DAKAR (AlertNet) - African solutions to African problems is the mantra of governments across this continent. But what about the goodwill ambassadors that fly around speaking about the issues that touch Africa most deeply, should they be African too?
Just days before an Africa Cup of Nations qualifier between Cameroon and Senegal in Dakar, the United Nations named Senegal's captain, Mamadou Niang, a champion of the U.N. Millennium Campaign.
Niang joins Cameroon's Benoit Assou-Ekotto who plays for English team Tottenham Hotspur as a campaigner for the Millennium Development Goals (MDGs), a set of targets world leaders agreed to to significantly reduce poverty, illiteracy and disease by 2015.
Niang's appointment seems to be part of a slowly shifting trend to promote homegrown stars -- Chelsea's Didier Drogba (an Ivorian) and Inter Milan striker Samuel Eto'o (another Cameroonian) are also U.N. goodwill ambassadors -- in a field usually dominated by the likes of Angelina Jolie, Mia Farrow, Christine Aguilera and other Western celebrities.
"We think that sports and athletes are vectors through which we can transmit vital messages to the society and we believe footballers in particular could sensitise people on issues like poverty alleviation and the MDGs," Boubou Dramane Camara, Country Director of the United Nations Development Programme (UNDP) in Senegal, told me.
Whether African or not, the idea of deploying actors, singers and sportsmen to Africa to evangelise on issues related to poverty and development has long had its critics who doubt if they achieve anything other than heaping pity on the continent.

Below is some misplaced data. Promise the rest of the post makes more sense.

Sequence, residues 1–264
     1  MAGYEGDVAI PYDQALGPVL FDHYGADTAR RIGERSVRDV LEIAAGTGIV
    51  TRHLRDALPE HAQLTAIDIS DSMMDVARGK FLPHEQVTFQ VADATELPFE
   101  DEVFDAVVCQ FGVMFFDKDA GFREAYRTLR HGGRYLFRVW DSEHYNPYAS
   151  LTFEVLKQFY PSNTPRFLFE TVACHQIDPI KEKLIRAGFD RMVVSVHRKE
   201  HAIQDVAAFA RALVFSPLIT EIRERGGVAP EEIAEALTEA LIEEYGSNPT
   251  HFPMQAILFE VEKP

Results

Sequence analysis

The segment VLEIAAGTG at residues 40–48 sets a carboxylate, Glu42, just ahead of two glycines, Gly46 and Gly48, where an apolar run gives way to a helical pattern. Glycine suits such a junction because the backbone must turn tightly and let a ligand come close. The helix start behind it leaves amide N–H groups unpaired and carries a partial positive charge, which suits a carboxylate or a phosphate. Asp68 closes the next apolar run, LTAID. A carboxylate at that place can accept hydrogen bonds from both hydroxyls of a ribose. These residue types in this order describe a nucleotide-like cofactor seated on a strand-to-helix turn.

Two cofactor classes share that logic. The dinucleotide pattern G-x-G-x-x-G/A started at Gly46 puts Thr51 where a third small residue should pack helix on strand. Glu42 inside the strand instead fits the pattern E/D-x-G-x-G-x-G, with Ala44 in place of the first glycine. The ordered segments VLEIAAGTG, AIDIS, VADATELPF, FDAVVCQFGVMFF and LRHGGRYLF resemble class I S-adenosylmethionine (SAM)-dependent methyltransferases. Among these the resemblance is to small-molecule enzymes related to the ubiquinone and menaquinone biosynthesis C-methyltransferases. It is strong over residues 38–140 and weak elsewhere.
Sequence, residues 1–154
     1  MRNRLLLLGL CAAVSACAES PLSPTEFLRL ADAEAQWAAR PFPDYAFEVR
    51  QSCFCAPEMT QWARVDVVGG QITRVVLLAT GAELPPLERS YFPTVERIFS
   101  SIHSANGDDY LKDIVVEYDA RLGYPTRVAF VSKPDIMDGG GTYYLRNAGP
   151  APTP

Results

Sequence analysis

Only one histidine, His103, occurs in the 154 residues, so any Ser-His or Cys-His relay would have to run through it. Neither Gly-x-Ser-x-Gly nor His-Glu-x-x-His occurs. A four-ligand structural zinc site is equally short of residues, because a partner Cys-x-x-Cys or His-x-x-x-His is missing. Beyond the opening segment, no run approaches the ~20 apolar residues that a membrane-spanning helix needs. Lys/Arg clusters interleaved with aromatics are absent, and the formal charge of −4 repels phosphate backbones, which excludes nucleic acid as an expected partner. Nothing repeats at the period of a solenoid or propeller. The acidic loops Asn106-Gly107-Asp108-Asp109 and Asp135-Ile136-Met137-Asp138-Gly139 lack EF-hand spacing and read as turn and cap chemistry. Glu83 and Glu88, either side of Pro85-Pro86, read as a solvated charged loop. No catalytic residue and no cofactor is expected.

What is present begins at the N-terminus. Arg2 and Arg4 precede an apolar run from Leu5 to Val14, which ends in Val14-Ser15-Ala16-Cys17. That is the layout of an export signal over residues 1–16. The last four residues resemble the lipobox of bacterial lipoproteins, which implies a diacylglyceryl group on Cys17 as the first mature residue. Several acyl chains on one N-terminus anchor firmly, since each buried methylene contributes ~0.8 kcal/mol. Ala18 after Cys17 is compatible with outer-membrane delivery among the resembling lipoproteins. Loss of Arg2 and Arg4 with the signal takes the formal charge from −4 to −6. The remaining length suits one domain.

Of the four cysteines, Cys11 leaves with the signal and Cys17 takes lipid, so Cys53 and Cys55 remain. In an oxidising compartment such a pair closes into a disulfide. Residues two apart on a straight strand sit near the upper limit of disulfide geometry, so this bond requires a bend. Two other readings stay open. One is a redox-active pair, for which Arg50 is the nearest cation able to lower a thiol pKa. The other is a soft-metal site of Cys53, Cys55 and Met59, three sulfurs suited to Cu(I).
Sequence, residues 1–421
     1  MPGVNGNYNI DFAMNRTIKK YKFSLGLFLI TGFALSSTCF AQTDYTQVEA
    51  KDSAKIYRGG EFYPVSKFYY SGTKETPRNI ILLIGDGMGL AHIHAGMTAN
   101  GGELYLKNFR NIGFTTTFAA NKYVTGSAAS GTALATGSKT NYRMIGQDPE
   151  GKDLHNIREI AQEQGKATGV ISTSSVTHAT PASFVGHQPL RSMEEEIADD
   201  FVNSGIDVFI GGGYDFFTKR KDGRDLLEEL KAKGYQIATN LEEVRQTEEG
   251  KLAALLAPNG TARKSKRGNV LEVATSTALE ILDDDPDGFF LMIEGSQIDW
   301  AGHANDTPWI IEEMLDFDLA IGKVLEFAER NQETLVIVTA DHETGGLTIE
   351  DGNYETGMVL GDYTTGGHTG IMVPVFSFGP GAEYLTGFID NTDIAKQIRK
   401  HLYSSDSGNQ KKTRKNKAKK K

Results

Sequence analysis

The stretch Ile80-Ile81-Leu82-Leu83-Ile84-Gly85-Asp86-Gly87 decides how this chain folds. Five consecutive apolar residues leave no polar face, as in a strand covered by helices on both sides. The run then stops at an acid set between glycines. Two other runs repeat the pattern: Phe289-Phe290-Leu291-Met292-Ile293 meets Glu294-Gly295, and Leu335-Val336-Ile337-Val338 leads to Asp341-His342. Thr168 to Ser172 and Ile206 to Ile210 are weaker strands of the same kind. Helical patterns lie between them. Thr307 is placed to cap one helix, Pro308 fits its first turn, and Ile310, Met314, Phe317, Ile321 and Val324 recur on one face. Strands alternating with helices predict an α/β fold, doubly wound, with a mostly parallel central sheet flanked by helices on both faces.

"Because of their thin political background and agendas, the majority of today's celebrity activists do not pay much attention to the content of what they do. Most of them have busy schedules so the kinds of briefing they receive are limited by their publicists who control their time," analyst Abdul Mohammed blogged for the Social Science Research Council think-tank.
The end result of the celebrity do-gooders phenomenon is to reduce Africa to spectacle and Africans to spectators in the destiny of their own continent. It delegitimizes the African state -- which must be the mechanism for development and emancipation --- and discourages those who try to practice activism in the old-fashioned way, Mohammed argued.
Marina Hyde, a columnist for the British newspaper the Guardian asked why entertainers think they could save the world in her book: How Entertainers Took Over the World And Why We Need an Exit Strategy.
"The skillset requirements of this rapidly proliferating modern role remain shadowy, but it seems to have been created as a way to say: 'Sorry about the bombing/famine/pestilence - we've sent you a celebrity as a goodwill gesture,' Hyde writes,
Would this apply to African football stars who take up ambassadorial roles in the continent of their birth?
Many of them grew up in dirt-poor families and were only able to lift themselves out of poverty through sports. Their rags-to-riches stories make them to key to reaching young people across the continent who yearn to follow in their footsteps, according to advocates of their selection as U.N. advocates.
"They are best placed to engage young people but also to do advocacy on behalf of youngsters towards decision makers, politicians and others who are in a position to make decisions that can help eradicate poverty because they can talk in a very simple way and from experience about issues of social concern," said Nelson Muffuh, U.N. Millennium Campaign coordinator for West Africa.
So it would seem to make more sense to have Cameroon's captain Eto'o, a U.N. Children's Fund Goodwill Ambassador who grew up in the poverty stricken neighbourhood of New Bell in Douala, speaking to Africans and their leaders on the importance of poverty alleviation and children's rights than, say, England star David Beckham, another UNICEF goodwill ambassador.
"It is time Africans spoke for themselves about their issues and prove that they know what needs to be done and how to do it and these footballers are living up to that by taking these advocacy roles," said an adviser of an African international footballer, who did not want to be named.